A favorite bedtime story in my family is called “Alexander and the Terrible, Horrible, No Good, Very Bad Day” by Judith Viorst. The book is about a little boy named Alexander who has one of those tough days when everything seems to go wrong. “I went to sleep with gum in my mouth and now there’s gum in my hair and when I got out of bed this morning I tripped on the skateboard and by mistake I dropped my sweater in the sink while the water was running and I could tell it was going to be a terrible, horrible, no good, very bad day” is how the book begins. A recent reading of the book got me thinking about how challenging it can be to turn a terrible, horrible, no good, very bad day around. Often, an argument with your spouse, a criticism from your boss or a disagreement with a friend can make us feel like everything is bad, and it can feel impossible to change our mood. In my practice with clients, I spend a lot of time teaching them strategies to restart their day when things go wrong or how to find a positive aspect of a day that seems really awful. Here are a few of the most helpful techniques to turn a bad day around:
- Complete a task: When you’re feeling unhappy and are having a generally crummy day, try tackling a task on your to-do list. You will likely feel good about accomplishing something, even if it’s as simple as cleaning up your e-mail inbox or folding the laundry. These activities require minimal, if any, interactions with other people, which can be helpful if you aren’t in a good mood, and will give you a sense of satisfaction that you were lacking before you completed this task. Focusing on a task is also a way to distract yourself from whatever is on your mind.
- Learn a lesson: Take a moment to reflect on the events of the day and try to identify a lesson. What can you do differently to avoid situations like this in the future? While you likely didn’t have control over everything that went wrong, there might be some action that you could have taken to change the outcome. For example, if the challenge you encountered was a conflict with your boss over a late assignment, perhaps you could you have managed your time better in order to get it done on time, or if you overslept and had to rush to get to work, skipping breakfast, could you have turned the TV off earlier the night before to ensure a good night’s rest? It’s important not to take on the role of the victim, so acknowledging and owning your role in the way the day played out is important.
- Practice self-care: In my experience, people tend to experience rough days like this when they’re burnt out and aren’t taking good enough care of themselves. Life can be busy and hectic and many of us have lots of other people relying on us for various things, but taking some time to yourself on a regular basis is important to ensuring a healthy mindset and overall good mental and emotional well-being. It can be as simple as a 15-minute walk with a friend, indulging in a manicure or waking up before the kids to enjoy your coffee and paper in peace. Engaging in an activity that you enjoy and that makes you feel good can not only help turn a bad day around, but can help you avoid those days altogether.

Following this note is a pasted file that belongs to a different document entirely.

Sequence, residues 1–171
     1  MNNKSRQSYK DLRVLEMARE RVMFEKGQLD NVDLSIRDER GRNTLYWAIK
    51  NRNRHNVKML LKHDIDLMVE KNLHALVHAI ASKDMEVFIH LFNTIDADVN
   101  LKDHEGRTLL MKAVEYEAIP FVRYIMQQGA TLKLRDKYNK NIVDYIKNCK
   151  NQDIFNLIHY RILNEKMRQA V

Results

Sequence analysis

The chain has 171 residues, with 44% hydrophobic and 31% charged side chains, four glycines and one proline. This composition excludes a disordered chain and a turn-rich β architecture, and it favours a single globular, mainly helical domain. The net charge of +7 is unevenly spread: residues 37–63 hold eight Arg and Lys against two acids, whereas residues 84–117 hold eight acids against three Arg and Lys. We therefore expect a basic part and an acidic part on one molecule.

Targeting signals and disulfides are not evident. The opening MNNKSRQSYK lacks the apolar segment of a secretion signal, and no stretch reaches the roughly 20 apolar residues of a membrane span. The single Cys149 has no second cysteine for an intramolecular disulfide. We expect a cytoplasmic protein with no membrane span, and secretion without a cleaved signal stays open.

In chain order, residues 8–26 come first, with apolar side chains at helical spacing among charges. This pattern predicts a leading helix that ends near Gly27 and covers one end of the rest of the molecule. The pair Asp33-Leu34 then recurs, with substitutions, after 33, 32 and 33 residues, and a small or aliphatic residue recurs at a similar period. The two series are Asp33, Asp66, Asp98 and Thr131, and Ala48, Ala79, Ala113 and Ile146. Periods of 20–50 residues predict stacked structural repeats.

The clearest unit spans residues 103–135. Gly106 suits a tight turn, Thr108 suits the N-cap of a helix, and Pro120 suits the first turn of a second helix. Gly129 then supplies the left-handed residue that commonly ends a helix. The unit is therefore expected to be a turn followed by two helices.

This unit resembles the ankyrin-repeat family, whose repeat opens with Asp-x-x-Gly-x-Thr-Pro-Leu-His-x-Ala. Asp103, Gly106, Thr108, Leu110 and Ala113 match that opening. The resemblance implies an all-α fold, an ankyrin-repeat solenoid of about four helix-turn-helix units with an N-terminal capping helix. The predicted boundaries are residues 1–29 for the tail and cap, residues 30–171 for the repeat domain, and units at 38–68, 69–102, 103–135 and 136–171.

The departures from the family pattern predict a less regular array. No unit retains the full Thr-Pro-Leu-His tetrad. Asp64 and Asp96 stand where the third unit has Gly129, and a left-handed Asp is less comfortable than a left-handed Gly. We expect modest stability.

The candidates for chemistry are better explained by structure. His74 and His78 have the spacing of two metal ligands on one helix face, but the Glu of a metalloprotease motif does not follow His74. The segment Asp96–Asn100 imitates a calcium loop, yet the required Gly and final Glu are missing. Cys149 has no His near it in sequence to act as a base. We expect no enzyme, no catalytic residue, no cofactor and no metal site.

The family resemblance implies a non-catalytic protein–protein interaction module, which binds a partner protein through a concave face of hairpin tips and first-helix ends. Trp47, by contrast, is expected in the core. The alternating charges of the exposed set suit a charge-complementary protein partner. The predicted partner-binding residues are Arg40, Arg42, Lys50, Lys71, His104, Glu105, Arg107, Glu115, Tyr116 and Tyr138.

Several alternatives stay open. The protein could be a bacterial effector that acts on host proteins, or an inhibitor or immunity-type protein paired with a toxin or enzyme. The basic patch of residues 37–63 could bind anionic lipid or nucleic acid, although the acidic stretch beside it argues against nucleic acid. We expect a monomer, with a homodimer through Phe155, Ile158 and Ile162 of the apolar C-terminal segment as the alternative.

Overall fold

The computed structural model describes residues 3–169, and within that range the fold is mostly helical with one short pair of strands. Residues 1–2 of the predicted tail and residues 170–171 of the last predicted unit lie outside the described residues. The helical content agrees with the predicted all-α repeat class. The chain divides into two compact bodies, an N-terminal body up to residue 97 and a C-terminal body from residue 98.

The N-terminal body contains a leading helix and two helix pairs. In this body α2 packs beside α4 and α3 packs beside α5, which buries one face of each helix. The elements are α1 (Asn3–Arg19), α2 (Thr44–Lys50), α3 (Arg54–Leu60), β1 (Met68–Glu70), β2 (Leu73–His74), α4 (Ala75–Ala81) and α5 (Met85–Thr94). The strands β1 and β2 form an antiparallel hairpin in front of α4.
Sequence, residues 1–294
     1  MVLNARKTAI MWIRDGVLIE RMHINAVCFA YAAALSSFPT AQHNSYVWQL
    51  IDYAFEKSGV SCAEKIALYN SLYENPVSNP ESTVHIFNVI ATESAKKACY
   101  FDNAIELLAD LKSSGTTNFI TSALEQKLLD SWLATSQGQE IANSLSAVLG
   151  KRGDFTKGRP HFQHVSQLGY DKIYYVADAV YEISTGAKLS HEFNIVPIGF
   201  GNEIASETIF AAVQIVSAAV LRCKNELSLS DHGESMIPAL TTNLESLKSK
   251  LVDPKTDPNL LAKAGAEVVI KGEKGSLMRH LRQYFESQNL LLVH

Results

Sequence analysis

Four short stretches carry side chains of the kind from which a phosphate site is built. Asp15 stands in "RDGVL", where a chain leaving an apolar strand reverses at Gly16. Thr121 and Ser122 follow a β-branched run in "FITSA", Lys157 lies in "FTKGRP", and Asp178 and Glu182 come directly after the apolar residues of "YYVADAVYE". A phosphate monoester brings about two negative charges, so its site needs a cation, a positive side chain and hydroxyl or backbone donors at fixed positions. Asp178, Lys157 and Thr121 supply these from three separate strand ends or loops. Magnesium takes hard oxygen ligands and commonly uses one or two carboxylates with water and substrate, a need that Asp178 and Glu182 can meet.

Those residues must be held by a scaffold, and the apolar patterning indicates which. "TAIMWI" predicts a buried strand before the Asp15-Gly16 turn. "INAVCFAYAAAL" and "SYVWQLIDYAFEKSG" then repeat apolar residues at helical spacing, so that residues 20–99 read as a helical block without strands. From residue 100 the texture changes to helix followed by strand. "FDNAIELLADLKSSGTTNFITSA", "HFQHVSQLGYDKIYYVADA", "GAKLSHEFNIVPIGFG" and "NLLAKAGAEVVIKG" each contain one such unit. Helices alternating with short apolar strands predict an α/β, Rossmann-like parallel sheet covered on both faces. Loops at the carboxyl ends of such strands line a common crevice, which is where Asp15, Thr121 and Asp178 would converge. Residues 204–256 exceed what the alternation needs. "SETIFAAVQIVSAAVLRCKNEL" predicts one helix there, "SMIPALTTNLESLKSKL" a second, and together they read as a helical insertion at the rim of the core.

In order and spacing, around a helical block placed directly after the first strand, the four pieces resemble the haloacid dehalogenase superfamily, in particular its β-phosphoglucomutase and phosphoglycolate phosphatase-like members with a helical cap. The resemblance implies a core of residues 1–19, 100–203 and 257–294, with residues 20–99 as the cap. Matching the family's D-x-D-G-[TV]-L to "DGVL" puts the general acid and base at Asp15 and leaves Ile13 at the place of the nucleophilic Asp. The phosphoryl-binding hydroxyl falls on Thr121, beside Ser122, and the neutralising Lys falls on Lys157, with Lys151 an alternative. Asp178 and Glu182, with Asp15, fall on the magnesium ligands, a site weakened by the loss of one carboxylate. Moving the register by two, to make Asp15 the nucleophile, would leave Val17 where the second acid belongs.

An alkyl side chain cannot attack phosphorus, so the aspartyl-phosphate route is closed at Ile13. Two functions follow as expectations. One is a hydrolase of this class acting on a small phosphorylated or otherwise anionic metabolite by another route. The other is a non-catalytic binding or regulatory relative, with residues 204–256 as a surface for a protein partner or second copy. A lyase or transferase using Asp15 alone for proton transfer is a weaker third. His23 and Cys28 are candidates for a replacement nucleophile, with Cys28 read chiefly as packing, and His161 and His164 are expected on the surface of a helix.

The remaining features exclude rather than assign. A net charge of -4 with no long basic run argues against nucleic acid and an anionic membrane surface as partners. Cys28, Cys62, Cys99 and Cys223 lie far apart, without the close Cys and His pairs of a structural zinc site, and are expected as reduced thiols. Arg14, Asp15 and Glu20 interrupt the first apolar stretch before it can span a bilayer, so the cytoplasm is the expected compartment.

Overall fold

- Look at the bigger picture: While this can be hard to do while we’re not in a good mood, trying to put things into perspective is very important. Try thinking of one thing that you are grateful for and focus on that for a moment. It can be small or large. Thinking this way helps shift our attitudes and can be helpful in moving past a difficult moment in the day.
We all experience days like the one Alexander describes in the book. We know how hard it can be to resist crawling into bed and avoiding those around us until the next day. Many who don’t learn to utilize tools like these turn to drugs, alcohol or other harmful and ineffective ways of coping with life stressors. But doing so will only make you feel worse and you’ll likely regret this reaction. The tools outlined above are effective techniques that are simple to implement. They take practice, but will be worth the effort once you master them. Clients I see in my practice have expressed feeling proud of their ability to restart their days and live their lives to the fullest, despite the inevitable challenges that confront us from time to time. Having the ability to turn a bad day around and remain focused on the good in our lives is a step towards an overall happy and meaningful life.
By Kira Batist-Wigod
Kira Batist-Wigod is a social worker with a wide range of experience and training in cognitive behavioral therapy, trauma work and stress management. Kira specializes in treating people with chronic illnesses, depression and anxiety. She sees clients in her private practice on the Upper West Side and in New Jersey, where she also holds workshops on various topics. Kira also works at a medical center in the Bronx. Contact Kira by e-mail at [email protected] or by calling 917-765-4743. You can also visit her website at www.batistpsychotherapy.com.